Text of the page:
From these experiments, the device designed for subcutaneous transfer of medicinal substances, which is the subject of the invention, was constructed, and characterized in that it has a triangular voltage generator with a box fed from the mains with two transformers, diode bridges, a control potentiometer, and transistorized insulating circuits, two motors for the large-surface electrodes, a voltage and sweeping control, an electrolyte storage tank containing the medicinal substance, and a safety circuitbreaker.
The present invention will be better understood by means of the attached drawings which are shown only by way of indicative and non-limiting example of one preferential embodiment selected by the inventor.
FIG. 1 represents the general organization of the invention.
FIG. 2 represents, viewed from the outside, the triangular voltage generator.
FIG. 3 shows the electronic diagram of the voltage generator.
By referring to FIG. 1 and according to one characteristic of the invention, triangular voltage generator (1) is found placed in the proximity of the patient (6) and supplied by a battery or by the electrical mains. This voltage generator feeds two pairs of electrodes (2) and (3) by two jack plugs. One of these pairs, supporting the sole of the foot is placed in a tank (4) containing the medicinal substance, and the other pair (3) adhere over the kidneys of the patient, has one of its electrodes immersed in the same substance.
The patient (6) is seated on a chair (5), his feet resting on electrodes (2) immersed in tank (4) containing the medicinal substance, and on his back, at the level of the kidneys, is found the pair of electrodes (3) also polarized by the voltage generator.
The patient has available on the arm of the chair a safety switch (9) which stops the electrical waveform instantaneously when this switch is not held in the vertical position, the position of rest always being a position of "stop" of functioning of the electrical generator.
Refering to voltage generator (1), this latter has a control potentiometer (7) of the sweeping amplitude, and a function switch (8).
In FIG. 2 and according to one important characteristic of the invention, the triangular pulse generator is presented with its external surface toward the front. It is comprised of a box (1) containing the electronics and whose housing is grounded at level (14). Potentiometer (7) permits imposing a sweeping voltage amplitude onto the triangular signals which are generated. Potentiometer (11) is designed to control the rate of sweeping of the signals received by the electrodes. Volt meter (10) permits visualizing the voltage amplitude and the sweeping rate. The jack plugs (12), (130) and (13) constitute signal outlets, contact (12) being connected to the electrodes placed over the kidneys of the patient, contacts (13), (130) being designed to connect the electrodes placed under the feet of the patient. Switch (8) represents the general generator switch and fuse (15) has the task of stopping this generator when the output current intensity continuously exceeds 0.5 mA, or the voltage exceeds 50 volts.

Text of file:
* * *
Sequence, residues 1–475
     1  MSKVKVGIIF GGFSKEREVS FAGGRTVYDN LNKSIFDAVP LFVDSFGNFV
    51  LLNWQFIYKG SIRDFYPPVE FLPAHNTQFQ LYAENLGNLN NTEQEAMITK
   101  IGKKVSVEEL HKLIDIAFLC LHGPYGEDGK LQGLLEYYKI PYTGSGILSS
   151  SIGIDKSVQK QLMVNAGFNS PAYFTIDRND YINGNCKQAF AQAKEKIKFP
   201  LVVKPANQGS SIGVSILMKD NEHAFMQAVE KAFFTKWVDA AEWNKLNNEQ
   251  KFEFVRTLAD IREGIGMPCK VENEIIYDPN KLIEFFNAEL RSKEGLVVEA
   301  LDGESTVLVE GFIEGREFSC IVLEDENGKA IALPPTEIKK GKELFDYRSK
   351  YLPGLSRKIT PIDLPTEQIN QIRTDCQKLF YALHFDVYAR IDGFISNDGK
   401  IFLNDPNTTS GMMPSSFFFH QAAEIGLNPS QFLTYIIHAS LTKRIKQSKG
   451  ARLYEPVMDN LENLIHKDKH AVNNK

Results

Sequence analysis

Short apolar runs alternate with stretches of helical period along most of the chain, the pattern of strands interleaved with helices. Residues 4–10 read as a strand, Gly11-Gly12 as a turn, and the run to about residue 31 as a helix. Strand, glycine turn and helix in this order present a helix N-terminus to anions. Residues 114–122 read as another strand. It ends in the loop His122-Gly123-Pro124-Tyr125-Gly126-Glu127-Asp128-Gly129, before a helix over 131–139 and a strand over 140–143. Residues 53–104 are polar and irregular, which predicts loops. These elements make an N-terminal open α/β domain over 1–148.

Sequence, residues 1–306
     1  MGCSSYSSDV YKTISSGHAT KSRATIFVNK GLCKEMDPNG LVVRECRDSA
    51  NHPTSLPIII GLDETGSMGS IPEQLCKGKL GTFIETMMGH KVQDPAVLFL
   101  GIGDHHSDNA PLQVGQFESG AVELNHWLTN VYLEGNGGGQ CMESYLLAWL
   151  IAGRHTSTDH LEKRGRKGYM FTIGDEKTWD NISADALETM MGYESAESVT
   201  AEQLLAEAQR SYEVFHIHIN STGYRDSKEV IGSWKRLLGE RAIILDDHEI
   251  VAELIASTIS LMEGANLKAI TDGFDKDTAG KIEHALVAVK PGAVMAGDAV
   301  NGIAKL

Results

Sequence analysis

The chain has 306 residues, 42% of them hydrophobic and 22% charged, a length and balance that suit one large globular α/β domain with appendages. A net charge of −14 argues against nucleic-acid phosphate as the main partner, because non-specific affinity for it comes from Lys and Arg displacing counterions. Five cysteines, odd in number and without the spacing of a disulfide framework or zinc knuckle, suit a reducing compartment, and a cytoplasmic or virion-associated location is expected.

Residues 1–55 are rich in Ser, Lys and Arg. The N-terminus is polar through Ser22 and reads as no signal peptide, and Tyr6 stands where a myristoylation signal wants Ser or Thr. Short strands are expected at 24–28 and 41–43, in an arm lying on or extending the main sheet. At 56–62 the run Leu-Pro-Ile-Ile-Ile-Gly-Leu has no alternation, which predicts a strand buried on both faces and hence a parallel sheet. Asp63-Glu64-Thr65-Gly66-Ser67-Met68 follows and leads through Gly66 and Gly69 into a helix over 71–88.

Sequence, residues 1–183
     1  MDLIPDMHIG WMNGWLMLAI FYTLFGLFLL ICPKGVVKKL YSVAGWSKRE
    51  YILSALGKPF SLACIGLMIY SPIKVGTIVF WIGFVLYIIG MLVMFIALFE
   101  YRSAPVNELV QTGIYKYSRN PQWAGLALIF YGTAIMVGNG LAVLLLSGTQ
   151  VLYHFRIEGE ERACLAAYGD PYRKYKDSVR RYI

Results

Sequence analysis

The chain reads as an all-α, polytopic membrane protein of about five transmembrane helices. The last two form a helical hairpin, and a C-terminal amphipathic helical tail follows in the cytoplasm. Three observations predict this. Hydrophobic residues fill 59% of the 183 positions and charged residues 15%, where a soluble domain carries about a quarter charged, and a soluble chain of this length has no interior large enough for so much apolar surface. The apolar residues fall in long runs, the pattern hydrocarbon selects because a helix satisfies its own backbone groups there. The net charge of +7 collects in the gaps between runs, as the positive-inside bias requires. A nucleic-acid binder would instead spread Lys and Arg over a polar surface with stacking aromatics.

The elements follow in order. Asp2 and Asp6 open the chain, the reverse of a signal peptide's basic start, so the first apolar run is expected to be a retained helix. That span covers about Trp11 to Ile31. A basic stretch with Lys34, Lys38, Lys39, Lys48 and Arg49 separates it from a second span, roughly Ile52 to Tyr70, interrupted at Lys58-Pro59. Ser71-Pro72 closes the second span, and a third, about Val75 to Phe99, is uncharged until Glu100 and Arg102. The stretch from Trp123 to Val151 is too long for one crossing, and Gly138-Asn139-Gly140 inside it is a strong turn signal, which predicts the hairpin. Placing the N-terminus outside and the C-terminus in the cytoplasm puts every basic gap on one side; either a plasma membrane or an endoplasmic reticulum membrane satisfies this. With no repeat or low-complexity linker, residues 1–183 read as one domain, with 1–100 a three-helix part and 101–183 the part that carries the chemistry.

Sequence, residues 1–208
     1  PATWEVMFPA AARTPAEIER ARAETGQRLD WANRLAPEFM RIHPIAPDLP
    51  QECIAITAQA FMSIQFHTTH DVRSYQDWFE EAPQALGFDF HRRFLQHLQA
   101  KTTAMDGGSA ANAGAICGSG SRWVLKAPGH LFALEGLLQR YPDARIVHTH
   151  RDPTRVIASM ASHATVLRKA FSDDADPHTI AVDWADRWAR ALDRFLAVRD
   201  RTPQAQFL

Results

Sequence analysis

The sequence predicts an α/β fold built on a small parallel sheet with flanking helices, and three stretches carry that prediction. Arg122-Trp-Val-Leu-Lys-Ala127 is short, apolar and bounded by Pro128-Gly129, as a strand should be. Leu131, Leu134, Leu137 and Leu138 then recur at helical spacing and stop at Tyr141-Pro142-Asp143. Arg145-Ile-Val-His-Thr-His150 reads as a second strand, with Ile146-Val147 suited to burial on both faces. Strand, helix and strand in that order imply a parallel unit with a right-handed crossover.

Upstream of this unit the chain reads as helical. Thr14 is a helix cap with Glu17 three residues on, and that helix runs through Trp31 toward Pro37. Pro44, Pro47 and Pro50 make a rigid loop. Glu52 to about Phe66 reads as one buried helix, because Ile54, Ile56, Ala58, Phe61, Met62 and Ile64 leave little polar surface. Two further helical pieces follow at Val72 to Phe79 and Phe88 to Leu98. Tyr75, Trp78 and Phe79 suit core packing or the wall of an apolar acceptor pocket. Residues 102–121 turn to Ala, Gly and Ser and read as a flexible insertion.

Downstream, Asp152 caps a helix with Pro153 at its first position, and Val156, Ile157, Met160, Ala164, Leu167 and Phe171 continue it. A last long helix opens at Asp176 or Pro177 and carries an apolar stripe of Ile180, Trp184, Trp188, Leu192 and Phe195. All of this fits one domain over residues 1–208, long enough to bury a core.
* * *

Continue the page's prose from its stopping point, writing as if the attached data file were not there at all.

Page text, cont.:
According to one important characteristic of the invention, FIG. 3 shows the electromechanical assembly for control of the electrical signals from the triangular voltage generator. This electromechanical assembly can easily be replaced by printed circuits, eliminating mechanical control.
Referring to FIG. 3, the voltage generator is fed by an alternating current by the mains at level (29). Relays (81) are designed to trip out the electronics when the output current exceeds 0.5 mA. Transformer (16) adjusts the peak voltage as a function of contacts (18). The current issued from contacts (18) is rectified by diode bridge (19) before being applied to the various electrodes (12), (130) and (13) by way of variable potentiometers (23) and (24). The value of these potentiometers permits adjusting the output current value for each electrode. Variable potentiometers (23) and (24) are activated by motors (21) and (22) during the entire length of the operation and following previously defined sweeping cycles. These motors (21) and (22) are connected to their respective supply (30) and (31) that are controlled by means of variable potentiometers (27) and (28). Supplies (30) and (31) are connected to the mains current by means of diode bridge (20) which rectifies the current issued from transformer (17) directly run off the mains.
The electrical waveform applied to the electrodes is insulated from ground by a circuit comprising transistors (25) and (26) comprised of resistors R6, R7, R10, R11, diodes, and transistors T1 and T2.
The voltage applied to the electrodes depends on the choice of contacts effected at level (18), and the rate of sweeping is controlled by the motor rotation at the level of respective supply sources (27) and (28).
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|Oct 7, 1992||FPAY||Fee payment|
Year of fee payment: 4
|Dec 30, 1996||FPAY||Fee payment|
Year of fee payment: 8
|Feb 13, 2001||REMI||Maintenance fee reminder mailed|
|Jul 22, 2001||LAPS||Lapse for failure to pay maintenance fees|
|Sep 25, 2001||FP||Expired due to failure to pay maintenance fee|
Effective date: 20010725